Sources say that there are serious reservations over the style of functioning of Lalit Modi who appears to have become "more and more high handed and autocratic" with each passing day and one option being considered is to appoint a full time paid professional IPL commissioner to run the league with Modi being made the chairman with much less powers.

One board member described Modi as a 'law unto himself' and stated that 'Modi had a lot of explaining to do when the board finally meets'.

Sources said that on the face of it there appears to be much truth in the allegations that there were attempts to arm twist the Kochi team financiers to give up their bid in favour of some others like the Adanis and this was not acceptable to the board members.

Union ministers Sharad Pawar and Praful Patel are also being mentioned in this context.

The second point of objection is how and why the Internet rights of IPL, which went in open bidding, were sold to the son-in-law of Lalit Modi without the board being taken into confidence on the issue. This they say is a serious issue, which needs to be probed and looked into.

Board members do not give much credence to the other two charges that Modi's relatives are controlling the Rajasthan and Punjab teams since his brother-in-law Chellaram is a much bigger businessman than Modi himself and that his step son-in-law Dabur whose brother has financial stakes in Punjab has been virtually estranged from the Modi family.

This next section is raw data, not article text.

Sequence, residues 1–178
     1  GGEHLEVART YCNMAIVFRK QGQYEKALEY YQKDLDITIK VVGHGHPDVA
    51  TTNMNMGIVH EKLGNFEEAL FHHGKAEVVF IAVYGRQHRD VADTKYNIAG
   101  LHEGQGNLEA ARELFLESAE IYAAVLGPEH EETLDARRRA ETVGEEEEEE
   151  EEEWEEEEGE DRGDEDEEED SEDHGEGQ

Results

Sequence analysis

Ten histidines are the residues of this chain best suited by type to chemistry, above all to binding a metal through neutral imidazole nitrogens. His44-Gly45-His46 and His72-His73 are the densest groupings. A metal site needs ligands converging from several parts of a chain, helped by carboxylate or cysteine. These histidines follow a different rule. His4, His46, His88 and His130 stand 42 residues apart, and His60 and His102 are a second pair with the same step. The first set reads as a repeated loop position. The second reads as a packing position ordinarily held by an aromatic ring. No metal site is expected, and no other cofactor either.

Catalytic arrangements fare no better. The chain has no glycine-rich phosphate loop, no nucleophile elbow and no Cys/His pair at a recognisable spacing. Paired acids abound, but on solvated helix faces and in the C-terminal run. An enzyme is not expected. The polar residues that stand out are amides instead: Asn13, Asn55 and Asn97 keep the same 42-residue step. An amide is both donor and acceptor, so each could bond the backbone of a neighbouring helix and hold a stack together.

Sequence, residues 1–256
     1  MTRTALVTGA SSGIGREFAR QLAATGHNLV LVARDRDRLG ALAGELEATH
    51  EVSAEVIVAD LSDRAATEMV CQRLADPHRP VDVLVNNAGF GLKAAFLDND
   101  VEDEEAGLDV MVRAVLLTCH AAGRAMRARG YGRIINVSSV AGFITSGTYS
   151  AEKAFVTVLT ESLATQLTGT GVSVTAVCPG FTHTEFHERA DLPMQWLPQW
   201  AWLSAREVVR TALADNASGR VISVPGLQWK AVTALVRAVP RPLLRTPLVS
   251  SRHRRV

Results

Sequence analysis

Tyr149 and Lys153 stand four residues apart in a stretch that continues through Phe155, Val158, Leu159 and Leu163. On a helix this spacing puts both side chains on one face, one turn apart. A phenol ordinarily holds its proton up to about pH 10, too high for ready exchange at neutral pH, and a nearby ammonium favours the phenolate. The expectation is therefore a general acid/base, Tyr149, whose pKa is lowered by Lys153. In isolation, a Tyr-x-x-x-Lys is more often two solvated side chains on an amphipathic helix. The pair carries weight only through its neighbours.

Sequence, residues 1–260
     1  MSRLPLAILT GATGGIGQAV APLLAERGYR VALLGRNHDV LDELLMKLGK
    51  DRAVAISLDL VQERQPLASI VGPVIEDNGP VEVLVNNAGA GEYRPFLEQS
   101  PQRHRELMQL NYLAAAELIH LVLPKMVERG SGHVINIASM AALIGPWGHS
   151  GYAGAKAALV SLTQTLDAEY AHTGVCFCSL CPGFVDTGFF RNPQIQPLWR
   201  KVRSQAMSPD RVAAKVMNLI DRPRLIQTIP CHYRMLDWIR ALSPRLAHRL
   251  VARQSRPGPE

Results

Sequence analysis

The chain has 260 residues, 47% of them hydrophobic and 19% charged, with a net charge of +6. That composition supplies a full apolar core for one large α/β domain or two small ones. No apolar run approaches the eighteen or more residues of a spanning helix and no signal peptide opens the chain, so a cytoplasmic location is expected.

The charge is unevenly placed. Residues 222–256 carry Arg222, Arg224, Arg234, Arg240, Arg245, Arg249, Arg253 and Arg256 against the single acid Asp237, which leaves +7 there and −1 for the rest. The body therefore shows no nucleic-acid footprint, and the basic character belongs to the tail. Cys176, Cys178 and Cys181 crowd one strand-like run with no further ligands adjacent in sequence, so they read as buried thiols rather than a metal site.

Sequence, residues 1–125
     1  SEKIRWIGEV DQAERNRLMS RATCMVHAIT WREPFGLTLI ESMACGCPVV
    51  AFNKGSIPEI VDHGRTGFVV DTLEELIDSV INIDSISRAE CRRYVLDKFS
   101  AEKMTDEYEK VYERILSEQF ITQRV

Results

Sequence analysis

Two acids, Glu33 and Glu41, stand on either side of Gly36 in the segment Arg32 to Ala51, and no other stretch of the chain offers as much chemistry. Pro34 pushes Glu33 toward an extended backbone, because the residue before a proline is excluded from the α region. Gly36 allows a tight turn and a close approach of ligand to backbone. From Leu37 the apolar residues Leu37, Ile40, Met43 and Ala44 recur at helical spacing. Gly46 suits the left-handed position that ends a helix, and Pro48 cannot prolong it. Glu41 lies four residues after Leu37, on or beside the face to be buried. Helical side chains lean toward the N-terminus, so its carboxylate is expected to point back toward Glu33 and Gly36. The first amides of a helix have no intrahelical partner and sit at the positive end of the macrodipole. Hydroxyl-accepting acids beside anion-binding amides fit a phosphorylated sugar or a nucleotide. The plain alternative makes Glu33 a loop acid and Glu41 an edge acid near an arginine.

BCCI President Shashank Manohar is said to be close to Pawar, but sources say he is an upright man who is of the view that since the consortium controlling the Kochi team won the bid in a fair and square manner there should be no attempts at arm twisting and trying to change the verdict. But sources say that the Kochi team members have themselves told some IPL board members that Shashi Tharoor was paid equity by the consortium after he helped them in meeting a large number of powerful people and offered them protection
against those trying to bring them down.